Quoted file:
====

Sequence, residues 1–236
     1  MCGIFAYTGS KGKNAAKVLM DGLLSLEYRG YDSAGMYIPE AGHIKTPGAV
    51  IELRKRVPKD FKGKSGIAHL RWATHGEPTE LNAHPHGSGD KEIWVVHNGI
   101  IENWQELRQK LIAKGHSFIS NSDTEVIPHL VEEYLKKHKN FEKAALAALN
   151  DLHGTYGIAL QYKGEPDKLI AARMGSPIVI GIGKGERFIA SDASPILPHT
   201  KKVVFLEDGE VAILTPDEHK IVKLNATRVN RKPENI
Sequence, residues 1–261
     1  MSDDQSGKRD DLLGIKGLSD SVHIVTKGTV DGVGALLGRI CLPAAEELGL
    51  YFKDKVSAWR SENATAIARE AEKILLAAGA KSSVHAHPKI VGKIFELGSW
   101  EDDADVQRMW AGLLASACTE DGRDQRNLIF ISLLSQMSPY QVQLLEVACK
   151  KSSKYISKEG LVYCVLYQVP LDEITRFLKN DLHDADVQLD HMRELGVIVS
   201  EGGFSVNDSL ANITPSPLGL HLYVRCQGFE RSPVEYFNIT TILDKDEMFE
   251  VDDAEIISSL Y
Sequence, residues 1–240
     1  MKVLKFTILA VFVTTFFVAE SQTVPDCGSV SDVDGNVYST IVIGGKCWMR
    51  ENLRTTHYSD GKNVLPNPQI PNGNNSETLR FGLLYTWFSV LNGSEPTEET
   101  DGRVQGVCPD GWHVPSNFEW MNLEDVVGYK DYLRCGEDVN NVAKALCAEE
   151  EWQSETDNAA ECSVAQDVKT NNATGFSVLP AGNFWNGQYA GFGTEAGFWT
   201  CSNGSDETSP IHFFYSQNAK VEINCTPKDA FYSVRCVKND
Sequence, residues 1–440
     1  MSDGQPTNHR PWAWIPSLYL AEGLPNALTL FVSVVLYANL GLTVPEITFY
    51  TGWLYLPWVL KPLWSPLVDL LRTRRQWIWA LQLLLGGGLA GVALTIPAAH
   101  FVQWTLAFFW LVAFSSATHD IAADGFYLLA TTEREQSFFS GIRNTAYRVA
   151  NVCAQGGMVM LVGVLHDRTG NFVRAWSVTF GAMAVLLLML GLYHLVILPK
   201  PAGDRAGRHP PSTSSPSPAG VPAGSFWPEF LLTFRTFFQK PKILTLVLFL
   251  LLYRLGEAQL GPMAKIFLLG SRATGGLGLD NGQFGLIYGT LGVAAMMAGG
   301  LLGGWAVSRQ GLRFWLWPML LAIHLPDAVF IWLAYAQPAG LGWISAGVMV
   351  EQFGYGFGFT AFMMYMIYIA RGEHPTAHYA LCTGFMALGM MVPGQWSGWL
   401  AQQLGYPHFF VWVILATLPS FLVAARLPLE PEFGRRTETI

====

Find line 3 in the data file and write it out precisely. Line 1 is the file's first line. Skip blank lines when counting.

    51  IELRKRVPKD FKGKSGIAHL RWATHGEPTE LNAHPHGSGD KEIWVVHNGI